Going out for a meal with a whole bunch of people is lovely. Then the bill comes, you’ve all decided to pay separately so calculate what you think you owe, put in your share, and uh-oh, surprise surprise, you’re £25 short. I’ve lost count of the number of times this has happened when I’ve been out for a meal. Someone’s forgotten their share of the starter, someone’s miscalculated their contribution to the wine, and half of the table have failed to notice the 12.5% service charge.
A way I’ve found to get round this is to get everyone to calculate what they think they own, then add each add a pound to that total That way you should cover any minor mis-calculations, and it won’t fall to one or two people to cover the £25 that’s missing. Good luck! And check if the service charge is optional, if you haven’t received good service, or if it’s not going to go to the waiters / kitchen / bar staff, you don’t have to pay it.
If you go to America, you should tip. Staff working in industries where tipping is the usual etiquette are likely to be on a wage of about $2.13 an hour; their tips make up a huge amount of their income, remember that. If you don’t tip them, they will presume they offered you an incredibly bad service. You should tip between 15%-20% for good service.
In the UK it’s slightly different.We have a minimum wage, although, as usual with all of the huge companies, the people at the bottom are paid the absolute bare minimum while those at the top are sitting on a nice fat salary. A lot of companies do not allow their employees to accept tips. I know this from working in Wetherspoons; I was not allowed to accept tips or have drinks bought for me. If someone offered to buy me a drink though, the company ruled it was rude to say no, so we had to accept the money, put it through the till and not have the drink. Who’s benefiting? Those at the top, of course. While I was living off baked-beans in spaghetti in a small house which I shared with a scary Frenchman in East London. I think it’s always worth asking if the waiter will get the tip, although Tragus, a huge company that own lots of big restaurants like Bella Italia, Cafe Rouge and Strada were firing employees that were being open with customers about their tips. Because Tragus were using the tips to pay employees the minimum wage, so the employees were still earning a tiny amount, whilst the company took ALL the profit. I’ve also heard reports that some curry houses on Brick Lane are just as bad for this. I try to get round this by eating in family owned restaurants, their ethos and treatment of staff is usually much better (and the food also so much nicer than the stuff being mass produced by chains.)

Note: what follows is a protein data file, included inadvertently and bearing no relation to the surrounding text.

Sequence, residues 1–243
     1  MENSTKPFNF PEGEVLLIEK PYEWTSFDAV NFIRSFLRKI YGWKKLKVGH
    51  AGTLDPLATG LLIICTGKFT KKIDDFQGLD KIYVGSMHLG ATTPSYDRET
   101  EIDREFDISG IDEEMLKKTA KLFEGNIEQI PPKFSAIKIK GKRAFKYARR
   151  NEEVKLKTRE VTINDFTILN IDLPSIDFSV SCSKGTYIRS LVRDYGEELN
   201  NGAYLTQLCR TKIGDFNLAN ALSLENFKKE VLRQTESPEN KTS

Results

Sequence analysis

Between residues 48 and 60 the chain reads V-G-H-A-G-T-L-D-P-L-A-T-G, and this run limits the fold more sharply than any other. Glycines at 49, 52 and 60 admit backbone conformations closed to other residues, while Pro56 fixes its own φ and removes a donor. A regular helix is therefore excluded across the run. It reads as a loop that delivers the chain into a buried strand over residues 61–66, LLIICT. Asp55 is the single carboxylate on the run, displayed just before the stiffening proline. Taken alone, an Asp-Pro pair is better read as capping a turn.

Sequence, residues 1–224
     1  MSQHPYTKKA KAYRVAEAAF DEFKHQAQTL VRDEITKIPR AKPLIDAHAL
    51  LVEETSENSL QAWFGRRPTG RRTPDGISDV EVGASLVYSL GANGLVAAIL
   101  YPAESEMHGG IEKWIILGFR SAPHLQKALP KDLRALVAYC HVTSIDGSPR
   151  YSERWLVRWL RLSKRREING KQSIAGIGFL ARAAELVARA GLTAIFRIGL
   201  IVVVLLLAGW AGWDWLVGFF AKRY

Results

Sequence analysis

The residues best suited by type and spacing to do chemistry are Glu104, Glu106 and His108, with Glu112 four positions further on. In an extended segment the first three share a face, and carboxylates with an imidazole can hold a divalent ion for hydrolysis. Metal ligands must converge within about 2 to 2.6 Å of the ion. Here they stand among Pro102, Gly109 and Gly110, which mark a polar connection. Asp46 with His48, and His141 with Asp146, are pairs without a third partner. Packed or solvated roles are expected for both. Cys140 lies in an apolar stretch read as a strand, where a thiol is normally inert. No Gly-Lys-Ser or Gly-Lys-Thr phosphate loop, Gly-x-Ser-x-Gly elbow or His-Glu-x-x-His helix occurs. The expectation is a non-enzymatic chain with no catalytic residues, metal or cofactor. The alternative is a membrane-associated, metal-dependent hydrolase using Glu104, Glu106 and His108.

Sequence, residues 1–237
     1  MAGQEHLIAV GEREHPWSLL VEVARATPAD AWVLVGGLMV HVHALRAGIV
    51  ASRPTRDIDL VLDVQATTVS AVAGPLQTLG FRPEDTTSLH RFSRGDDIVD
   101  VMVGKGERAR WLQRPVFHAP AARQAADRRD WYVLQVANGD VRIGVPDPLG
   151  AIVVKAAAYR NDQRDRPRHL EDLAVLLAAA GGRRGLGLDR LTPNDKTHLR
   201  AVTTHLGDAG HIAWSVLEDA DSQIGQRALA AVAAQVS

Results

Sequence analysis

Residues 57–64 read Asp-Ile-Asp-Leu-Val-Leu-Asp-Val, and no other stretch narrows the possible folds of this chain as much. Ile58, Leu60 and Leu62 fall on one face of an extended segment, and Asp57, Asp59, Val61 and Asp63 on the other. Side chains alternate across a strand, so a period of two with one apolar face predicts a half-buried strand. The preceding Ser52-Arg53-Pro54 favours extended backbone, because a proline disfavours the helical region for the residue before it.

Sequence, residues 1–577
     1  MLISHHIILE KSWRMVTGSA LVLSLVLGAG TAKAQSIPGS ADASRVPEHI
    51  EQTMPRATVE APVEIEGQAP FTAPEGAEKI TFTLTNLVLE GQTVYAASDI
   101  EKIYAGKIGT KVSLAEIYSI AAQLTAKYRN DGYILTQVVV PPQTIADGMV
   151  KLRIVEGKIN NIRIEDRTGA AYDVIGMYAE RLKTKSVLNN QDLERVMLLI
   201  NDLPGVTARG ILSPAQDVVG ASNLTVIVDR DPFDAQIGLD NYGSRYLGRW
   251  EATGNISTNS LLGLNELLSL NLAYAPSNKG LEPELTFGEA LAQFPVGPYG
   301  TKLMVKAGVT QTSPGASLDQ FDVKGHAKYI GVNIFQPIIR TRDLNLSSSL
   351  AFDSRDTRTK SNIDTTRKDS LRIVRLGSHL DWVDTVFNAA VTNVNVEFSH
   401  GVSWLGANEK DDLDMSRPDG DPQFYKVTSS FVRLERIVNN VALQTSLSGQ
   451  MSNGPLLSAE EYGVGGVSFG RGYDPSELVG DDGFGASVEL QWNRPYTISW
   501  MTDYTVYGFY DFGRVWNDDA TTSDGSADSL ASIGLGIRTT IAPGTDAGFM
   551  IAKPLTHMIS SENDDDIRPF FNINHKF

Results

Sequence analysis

For your London visits, I’ll recommend L’Artista, a fantastic Italian restaurant under the railway arches in Golders Green. Italian owned and run, you’ll need to book a table most evenings of the week as it is packed out with Italians (a good sign that they’re serving the real thing.) They also make their own Limoncello, and the staff get to keep their tips. (They also have a really good way of extracting tips from you by getting you incredibly drunk on their free Limoncello refills!)
L’Artista with some of my pals